Page 181 - Jewish Book Annual Volume 47

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1 7 3
With shining thoughts
And longing eyes
He stretched
Like a child
Toward a land
Where skies are ever clear and blue
And palm trees are always green,
Where the sun shines over sand and shore
And f ig trees offer shade
Like carpets fo r resting wanderers.
Thus he lies
In the shade, stripped of the gray week
And unharnessed from the Exile’s yoke
And gazes.
He gazes at the work o f creation
And sees everything around him flourish and rise,
Grow and blossom . . .
(From “Der Tate, der Khoyveyv-Tsiyen”)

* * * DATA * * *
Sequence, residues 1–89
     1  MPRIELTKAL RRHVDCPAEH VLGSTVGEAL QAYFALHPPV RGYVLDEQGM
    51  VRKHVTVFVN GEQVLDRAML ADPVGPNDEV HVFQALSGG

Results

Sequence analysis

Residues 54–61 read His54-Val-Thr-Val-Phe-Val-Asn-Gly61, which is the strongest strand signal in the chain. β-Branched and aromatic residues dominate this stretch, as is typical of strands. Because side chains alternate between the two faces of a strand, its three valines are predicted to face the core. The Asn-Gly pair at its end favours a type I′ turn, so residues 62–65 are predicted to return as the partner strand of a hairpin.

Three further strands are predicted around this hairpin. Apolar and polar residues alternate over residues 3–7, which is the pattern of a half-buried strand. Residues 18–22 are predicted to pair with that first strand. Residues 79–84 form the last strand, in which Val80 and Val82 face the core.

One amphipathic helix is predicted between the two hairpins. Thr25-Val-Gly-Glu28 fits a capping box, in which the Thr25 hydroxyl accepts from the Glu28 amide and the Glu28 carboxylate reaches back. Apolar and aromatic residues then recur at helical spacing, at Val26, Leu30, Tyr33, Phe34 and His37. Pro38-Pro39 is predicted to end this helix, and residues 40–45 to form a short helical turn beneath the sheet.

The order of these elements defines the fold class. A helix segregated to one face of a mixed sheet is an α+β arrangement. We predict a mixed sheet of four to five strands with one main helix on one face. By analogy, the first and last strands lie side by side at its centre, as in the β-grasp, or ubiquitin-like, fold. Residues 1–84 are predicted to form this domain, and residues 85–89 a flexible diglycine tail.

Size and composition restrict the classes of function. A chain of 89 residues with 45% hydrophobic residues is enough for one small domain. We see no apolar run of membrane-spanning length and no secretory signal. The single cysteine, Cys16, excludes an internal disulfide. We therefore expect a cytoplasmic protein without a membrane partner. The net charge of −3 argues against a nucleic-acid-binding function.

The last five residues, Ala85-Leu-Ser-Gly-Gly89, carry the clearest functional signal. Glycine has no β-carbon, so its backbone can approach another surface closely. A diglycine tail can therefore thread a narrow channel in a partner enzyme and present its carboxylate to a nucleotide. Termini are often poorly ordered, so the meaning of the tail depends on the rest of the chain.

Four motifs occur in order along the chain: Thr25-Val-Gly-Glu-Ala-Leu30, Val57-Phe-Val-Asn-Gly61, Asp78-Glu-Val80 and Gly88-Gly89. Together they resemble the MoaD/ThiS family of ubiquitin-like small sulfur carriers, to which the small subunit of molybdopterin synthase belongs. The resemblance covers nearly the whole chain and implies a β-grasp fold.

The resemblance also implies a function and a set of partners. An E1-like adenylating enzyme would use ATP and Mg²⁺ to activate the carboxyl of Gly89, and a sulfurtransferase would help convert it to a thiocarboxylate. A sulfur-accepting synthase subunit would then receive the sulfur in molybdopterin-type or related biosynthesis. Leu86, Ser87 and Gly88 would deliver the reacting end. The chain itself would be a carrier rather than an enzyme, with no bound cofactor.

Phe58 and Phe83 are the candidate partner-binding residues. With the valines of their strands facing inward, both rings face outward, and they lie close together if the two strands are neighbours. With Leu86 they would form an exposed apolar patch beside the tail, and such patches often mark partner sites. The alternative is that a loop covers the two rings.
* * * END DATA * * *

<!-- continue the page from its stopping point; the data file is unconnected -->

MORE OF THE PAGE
The poet’s mother was a quiet, gentle woman whose only failing
was an overdeveloped sense of justice which led to frequent
arguments between herself and a husband more devoted to
communal matters than to earning a livelihood for his six chil­
dren. The tension, conflict and bitterness of his childhood be­
came the source of the elegaic tone of much of Papiernikov’s
My home was the source of my sadness and sorrow,
The well that could not still my thirst,
The open prison whose gate I did not f ind
To leave the dark narrow walls.
Father, mother, one sister, f ive brothers
in all.
Each on his own, locked in his cell,
Sought a way out, confided in no one,
Took not a step beyond his own threshold.
Alienated, silent, each suffered alone,
Never turned to another fo r anything.
Thus we all grew
sawed off and cut off,
Eight heads often beating against eight walls.
(“Der Kval fun Mayn Umet”)
4. Cf. J. Papiernikov,
Heymishe un Noente,
Tel Aviv, 1958, p. 11-23.